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Is Forest Bathing for game-obsessed teenagers?

Just before a recent Forest Bathing session, an anxious mother of a teenage son messaged me to say she'd booked for both of them as 'his birthday present to me'. She worried about how things would go - would it help to bring them closer, or just continue the pattern of disconnect between them? She wrote

I am really looking forward to my first ever forest bathing experience on Saturday. I have booked two tickets, one for me and one for my 16 year old son, Fergus. Suffice to say he isn’t coming with quite the optimism / anticipation that I have! So I thought I should mention that. I have asked him to come with me as a birthday treat (for me) and I have encouraged him to come with an open mind and just see how it goes. He may decide he loves it, he likes it, he isn’t really bothered one way or the other, or he hates it! Personally I think it will be a good thing for him to try as he is lacking channels for de-stressing, and at heart he is a kid who loves nature, even though the X Box has taken over in recent years.
Anyway, just to warn you there will be a slightly reluctant (and probably quite tired) teenage boy in tow!

I mulled over her words, wondering whether her son would be a disruption on the day. I worried for her, too. For her birthday treat and her hope for some kind of bond, or reconciliation between them for the 3 hours they'd be with me together. But there was nothing for it, other than to trust the process and trust that the forest would win him over.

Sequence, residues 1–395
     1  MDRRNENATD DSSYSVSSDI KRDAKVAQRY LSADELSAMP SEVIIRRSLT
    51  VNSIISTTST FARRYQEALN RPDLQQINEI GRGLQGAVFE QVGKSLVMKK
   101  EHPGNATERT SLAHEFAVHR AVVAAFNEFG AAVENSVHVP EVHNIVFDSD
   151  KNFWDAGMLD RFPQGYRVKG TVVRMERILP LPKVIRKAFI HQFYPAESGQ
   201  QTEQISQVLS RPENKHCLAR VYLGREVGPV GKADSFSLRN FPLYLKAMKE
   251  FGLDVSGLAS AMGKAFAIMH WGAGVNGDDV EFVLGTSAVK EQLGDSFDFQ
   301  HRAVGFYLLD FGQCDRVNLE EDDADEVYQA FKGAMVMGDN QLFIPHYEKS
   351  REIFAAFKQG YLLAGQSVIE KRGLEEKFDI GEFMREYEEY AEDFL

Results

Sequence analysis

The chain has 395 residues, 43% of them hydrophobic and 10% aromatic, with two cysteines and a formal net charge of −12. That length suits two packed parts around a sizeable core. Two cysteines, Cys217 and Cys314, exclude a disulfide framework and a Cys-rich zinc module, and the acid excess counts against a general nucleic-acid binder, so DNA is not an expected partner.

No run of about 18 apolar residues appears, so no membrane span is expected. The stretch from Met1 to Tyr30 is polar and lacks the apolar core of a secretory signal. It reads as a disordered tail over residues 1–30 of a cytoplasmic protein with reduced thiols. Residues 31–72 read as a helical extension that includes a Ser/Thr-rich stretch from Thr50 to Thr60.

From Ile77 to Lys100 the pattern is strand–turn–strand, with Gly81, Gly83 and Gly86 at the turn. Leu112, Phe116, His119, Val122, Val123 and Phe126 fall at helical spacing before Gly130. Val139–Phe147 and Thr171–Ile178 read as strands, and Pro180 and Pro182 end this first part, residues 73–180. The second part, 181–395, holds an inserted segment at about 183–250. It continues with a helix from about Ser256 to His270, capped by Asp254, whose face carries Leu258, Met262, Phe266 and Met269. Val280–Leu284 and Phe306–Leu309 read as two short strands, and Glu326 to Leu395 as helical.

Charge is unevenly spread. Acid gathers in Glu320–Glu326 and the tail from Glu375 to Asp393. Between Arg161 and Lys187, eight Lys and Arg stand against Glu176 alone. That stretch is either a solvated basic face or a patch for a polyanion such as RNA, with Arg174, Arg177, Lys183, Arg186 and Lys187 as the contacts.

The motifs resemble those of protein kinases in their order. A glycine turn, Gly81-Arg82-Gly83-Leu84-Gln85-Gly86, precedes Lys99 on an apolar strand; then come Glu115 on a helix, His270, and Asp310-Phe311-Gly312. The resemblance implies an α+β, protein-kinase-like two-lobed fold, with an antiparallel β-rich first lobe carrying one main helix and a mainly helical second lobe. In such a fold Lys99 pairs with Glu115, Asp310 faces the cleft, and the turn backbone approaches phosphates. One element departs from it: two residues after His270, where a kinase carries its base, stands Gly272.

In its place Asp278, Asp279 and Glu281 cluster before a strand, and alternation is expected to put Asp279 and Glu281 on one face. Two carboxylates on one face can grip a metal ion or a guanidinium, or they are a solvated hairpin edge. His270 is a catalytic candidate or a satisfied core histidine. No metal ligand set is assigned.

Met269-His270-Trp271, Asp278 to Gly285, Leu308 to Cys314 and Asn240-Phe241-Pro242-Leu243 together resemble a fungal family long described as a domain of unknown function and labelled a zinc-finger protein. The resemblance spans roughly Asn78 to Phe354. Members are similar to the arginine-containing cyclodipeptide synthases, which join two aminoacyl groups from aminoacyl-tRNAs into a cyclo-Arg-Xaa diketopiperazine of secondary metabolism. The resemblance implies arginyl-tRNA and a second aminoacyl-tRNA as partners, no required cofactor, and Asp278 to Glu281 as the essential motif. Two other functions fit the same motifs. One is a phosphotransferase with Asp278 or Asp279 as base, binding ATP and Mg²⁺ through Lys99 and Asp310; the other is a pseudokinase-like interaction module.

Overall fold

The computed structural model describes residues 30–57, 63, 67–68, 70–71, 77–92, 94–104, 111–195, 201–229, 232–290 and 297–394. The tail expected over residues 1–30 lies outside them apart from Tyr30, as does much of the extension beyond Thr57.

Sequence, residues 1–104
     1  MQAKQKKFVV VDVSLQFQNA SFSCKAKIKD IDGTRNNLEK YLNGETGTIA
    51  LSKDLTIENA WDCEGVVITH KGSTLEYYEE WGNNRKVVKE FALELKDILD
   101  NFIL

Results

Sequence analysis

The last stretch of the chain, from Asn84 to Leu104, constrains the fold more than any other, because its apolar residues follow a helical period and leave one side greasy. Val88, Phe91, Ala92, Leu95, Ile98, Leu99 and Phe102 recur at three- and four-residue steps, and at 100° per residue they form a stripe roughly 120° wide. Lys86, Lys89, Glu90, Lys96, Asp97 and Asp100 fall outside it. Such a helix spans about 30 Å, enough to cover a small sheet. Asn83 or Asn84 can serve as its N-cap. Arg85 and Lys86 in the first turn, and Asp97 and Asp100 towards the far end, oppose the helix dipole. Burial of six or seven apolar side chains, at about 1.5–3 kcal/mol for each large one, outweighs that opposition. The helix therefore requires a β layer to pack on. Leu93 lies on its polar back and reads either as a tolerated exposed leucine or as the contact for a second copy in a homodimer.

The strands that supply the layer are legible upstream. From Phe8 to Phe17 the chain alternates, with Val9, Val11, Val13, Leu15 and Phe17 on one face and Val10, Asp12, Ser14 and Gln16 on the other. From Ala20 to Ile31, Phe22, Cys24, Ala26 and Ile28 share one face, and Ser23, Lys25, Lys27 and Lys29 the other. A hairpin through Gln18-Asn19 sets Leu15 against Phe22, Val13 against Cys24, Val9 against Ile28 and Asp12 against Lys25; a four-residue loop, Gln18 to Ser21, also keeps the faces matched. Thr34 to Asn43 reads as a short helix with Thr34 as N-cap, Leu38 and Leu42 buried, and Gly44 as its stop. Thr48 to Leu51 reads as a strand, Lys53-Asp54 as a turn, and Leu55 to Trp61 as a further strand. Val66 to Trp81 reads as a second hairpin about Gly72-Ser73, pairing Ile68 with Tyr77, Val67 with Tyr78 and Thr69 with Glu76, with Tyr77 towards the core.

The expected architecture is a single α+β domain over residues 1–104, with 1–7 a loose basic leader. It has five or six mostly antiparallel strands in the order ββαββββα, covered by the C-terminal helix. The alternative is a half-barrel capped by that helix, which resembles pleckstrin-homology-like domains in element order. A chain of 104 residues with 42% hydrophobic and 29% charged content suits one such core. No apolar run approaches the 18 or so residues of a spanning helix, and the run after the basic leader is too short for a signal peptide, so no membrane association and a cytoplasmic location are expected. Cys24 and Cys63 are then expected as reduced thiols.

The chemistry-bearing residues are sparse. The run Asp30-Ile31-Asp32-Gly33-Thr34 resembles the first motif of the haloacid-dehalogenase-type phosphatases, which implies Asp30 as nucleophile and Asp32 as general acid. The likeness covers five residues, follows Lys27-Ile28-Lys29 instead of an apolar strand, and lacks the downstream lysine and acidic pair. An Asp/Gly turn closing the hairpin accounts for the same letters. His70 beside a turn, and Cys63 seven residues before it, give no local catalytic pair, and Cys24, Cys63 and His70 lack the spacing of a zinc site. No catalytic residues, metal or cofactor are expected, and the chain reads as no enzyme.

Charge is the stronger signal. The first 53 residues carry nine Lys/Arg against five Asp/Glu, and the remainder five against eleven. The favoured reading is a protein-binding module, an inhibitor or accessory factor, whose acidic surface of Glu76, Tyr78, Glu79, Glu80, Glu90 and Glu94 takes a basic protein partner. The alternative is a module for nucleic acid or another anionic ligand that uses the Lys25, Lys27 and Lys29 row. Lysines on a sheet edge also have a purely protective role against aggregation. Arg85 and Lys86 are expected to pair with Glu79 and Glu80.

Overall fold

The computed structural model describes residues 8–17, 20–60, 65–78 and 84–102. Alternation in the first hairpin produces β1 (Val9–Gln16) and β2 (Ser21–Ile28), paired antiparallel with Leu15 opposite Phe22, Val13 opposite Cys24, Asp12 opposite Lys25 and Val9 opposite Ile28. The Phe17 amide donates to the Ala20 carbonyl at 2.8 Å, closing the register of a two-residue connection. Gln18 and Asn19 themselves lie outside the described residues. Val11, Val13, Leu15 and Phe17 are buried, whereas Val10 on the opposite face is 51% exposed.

Then, gathering for our session a few days later were three other, equally lovely, enthusiastic, but also middle-aged ladies. Not a young woman or man in sight for this session. Hmm, I wondered how this would go, particularly as we gathered and began discussing our hopes and plans for the session, this poor mother was desperately trying to encourage her son out of the car and away from the game he was playing on his mobile. He arrived 10 minutes later to join us after the session had begun. Not a good start, I thought.

Fixing my attention on him, I wanted to make sure he knew I understood. That this may not be his dream Saturday, but that if he came with a sense of openness, curiosity and willingness to try, then he may just enjoy himself and learn something new. And he did. And at the end of the session when I asked him a little jokingly, how he'd found it, he beamed

It was alright actually! I quite enjoyed it!

I could see his mother beaming, too, beside him. A huge relief I imagine, as well as having enjoyed the experience of being with her son for a few hours in the woods, away from his screen. A day later, she wrote to me to say this

Thank you SO much for guiding my son and I through a lovely experience. It was really wonderful, and I even managed to connect with a (usually) stroppy 16 year old. To quote him tonight, it was “decent”. This is high praise indeed! He actually loves nature and I really took on board your point about retaining that connection throughout our lives. I am really trying to do that with both my kids, despite occasional resistance!

On my part, there was relief, too. For her, for the others, for me, for him. My hope is that he took a little of the forest away with him that day, and that he finds a way to reconnect with nature in less time than it took me. It's what we need right now.

And thank you to that lovely mother for letting me share this with you.

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